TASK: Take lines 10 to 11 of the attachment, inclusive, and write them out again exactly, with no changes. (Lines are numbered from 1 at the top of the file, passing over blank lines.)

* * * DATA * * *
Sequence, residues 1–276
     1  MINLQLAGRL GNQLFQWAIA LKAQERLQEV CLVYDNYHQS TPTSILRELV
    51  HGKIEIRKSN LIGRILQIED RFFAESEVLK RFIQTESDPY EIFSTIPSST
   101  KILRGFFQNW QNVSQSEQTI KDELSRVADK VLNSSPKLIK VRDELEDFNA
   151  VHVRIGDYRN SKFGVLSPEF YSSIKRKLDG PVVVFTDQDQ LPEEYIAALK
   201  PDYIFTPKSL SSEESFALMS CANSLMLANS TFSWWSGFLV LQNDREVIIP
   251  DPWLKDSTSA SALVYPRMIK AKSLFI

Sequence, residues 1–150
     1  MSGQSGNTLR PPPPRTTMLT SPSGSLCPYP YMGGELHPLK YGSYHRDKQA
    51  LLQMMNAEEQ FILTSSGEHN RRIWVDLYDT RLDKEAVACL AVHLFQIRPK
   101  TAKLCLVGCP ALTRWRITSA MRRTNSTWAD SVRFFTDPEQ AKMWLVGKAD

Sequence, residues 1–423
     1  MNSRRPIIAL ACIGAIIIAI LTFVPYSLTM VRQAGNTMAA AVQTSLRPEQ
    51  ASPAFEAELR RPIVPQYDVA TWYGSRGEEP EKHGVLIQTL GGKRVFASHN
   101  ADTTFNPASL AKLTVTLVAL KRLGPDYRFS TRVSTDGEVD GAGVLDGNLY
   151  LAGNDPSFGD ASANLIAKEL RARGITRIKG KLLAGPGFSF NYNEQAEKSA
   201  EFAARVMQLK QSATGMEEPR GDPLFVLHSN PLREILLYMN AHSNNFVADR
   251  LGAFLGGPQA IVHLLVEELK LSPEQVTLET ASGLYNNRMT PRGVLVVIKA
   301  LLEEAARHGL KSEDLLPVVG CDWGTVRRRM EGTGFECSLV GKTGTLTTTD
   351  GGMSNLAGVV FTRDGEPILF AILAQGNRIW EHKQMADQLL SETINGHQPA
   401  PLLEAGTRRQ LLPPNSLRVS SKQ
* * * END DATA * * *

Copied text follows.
    51  LLQMMNAEEQ FILTSSGEHN RRIWVDLYDT RLDKEAVACL AVHLFQIRPK
   101  TAKLCLVGCP ALTRWRITSA MRRTNSTWAD SVRFFTDPEQ AKMWLVGKAD